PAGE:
In searching for new possibilities for scrolled bowls, I discovered two different ways to simulate the types of segmentation associated with lathe-turned bowls.
Both methods are easy to learn and far less demanding than traditional approaches. The first produces segmented bowls with solid sides; the second creates open segmentation.
Segmentation with Solid Sides
My method for creating this type of bowl eliminates the need to cut many small pieces at precise angles. Instead, it relies on stack cutting, a standard scroll saw technique, to create the blank.
The basics are simple: two contrasting blanks, typically between 1/4″ and 1/2″ thick, are attached with double-sided tape. A pattern, consisting of a circle divided into a designated number of segments, is attached; the circumference and segments are then cut to shape.
Once cut and numbered, alternate segments from each set are exchanged to form two multi-colored circles. Because all pieces are stack cut, deviations in any piece are compensated for by complementary deviations in the adjacent pieces.
The segments are glued at their edges to form two circles and sanded lightly once the glue has set. They are then glued together to form the blank.
The blank can then be cut in the same way as any scrolled bowl, or rings cut from it can be used as decorative elements in a multi-blank project.
It was challenging to design a blank that would look like open segmentation when cut into rings, but the solution turned out to be quite simple. The blank is constructed from wedges cut from a circle, then glued evenly around a thin substrate.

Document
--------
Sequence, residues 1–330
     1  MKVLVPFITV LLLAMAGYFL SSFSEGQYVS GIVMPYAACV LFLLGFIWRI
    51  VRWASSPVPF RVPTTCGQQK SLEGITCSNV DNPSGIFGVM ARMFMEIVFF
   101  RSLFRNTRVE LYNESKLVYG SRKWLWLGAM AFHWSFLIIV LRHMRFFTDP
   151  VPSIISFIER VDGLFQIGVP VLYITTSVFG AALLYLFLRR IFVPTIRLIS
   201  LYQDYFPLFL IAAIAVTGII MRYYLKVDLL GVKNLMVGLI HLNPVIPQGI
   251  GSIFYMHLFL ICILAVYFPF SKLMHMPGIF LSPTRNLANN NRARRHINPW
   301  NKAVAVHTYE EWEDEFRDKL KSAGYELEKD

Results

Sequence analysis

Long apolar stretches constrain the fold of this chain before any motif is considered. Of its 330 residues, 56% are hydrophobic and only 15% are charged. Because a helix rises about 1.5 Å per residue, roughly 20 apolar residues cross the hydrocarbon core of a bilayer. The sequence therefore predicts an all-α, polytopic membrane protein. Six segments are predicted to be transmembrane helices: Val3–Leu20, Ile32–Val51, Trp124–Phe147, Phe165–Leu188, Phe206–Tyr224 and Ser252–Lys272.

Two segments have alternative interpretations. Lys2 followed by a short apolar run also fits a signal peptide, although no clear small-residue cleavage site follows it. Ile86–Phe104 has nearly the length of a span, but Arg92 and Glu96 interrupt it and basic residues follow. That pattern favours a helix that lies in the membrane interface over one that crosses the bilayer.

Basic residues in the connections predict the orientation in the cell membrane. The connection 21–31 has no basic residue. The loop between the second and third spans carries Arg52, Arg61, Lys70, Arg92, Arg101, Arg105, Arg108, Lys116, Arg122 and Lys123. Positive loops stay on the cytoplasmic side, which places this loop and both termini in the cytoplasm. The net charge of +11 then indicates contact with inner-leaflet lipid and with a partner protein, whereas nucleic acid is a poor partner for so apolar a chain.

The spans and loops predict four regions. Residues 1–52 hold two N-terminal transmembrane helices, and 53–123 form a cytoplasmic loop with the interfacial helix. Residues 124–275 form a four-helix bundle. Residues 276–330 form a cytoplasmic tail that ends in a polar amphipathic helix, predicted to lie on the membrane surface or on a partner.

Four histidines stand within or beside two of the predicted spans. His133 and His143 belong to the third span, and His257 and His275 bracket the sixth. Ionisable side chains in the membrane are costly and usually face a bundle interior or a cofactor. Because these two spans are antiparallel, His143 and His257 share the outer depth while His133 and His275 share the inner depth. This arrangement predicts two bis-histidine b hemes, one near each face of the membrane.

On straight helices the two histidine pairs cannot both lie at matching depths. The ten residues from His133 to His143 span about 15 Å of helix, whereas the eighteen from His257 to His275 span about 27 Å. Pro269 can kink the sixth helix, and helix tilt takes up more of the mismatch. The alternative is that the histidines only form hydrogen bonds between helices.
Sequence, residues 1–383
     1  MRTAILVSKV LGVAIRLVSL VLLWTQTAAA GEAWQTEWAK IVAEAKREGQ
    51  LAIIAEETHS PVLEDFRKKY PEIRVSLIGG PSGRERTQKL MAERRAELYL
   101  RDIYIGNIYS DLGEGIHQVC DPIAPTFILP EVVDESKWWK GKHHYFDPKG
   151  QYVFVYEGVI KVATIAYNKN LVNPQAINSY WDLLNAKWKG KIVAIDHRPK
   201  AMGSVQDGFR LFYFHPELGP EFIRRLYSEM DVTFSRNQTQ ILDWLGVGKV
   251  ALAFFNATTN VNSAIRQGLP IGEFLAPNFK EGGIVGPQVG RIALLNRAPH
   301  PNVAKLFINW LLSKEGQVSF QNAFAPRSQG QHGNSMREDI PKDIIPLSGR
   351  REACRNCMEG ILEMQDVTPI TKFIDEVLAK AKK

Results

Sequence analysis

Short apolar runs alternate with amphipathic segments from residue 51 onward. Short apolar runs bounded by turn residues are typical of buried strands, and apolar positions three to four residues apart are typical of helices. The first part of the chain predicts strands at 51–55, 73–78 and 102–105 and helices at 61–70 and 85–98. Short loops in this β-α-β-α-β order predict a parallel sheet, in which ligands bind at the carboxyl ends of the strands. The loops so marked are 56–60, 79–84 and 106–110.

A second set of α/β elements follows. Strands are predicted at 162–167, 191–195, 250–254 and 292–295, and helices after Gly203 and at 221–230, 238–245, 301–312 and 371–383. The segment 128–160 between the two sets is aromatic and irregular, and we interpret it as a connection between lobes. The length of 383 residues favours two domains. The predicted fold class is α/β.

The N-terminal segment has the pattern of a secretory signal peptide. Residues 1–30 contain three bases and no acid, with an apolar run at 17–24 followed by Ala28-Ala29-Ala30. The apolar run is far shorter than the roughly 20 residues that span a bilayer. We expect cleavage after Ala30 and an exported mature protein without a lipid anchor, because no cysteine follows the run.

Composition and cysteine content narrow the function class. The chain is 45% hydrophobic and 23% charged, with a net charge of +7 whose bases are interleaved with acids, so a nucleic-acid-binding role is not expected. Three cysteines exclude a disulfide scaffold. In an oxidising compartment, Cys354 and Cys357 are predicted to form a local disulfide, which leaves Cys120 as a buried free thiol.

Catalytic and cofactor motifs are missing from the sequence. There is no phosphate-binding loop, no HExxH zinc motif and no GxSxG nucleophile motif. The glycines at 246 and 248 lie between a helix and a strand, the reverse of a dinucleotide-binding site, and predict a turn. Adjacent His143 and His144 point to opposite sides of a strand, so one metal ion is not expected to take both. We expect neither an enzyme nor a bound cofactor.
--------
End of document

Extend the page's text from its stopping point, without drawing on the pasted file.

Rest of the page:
A pattern is attached to the substrate side and the rings are cut at predetermined angles. The cutting process creates rings with a regular pattern of slices and spaces.
Depending on size and purpose, the bowl can be cut so that the wall thickness remains uniform throughout, or cut so that the wall thickness increases slightly with each successive ring.
Walls of even thickness are ideal for smaller bowls, especially those that are primarily decorative, while those with increasing wall thickness have a greater gluing surface — a consideration for larger bowls or those intended for regular use.
Sanding of an open segmented bowl is standard, with two notable exceptions. First, care must be taken to avoid catching the sander on the edges of the segments; the slits at the bottom of the round inflatable sander are especially vulnerable. For this reason, I use the smaller of the two inflatable sanders: the openings in their abrasives resist snagging better.
Second, the center section of the blank, usually used as the base, has wedges on its underside. These must be sanded off for the piece to be used. If this is not feasible, cut a new base from the same wood as the substrate.
Variations to Explore
This versatile method for open segmentation can be used for rounded square and wavy bowls as easily as for round ones. With a slight pattern adaptation, it can even be used to make oval bowls whose segments remain evenly sized all around the circumference.
Once you’ve mastered the process for making a basic scrolled bowl, it’s an easy transition to variations that no one will believe were made with a scroll saw.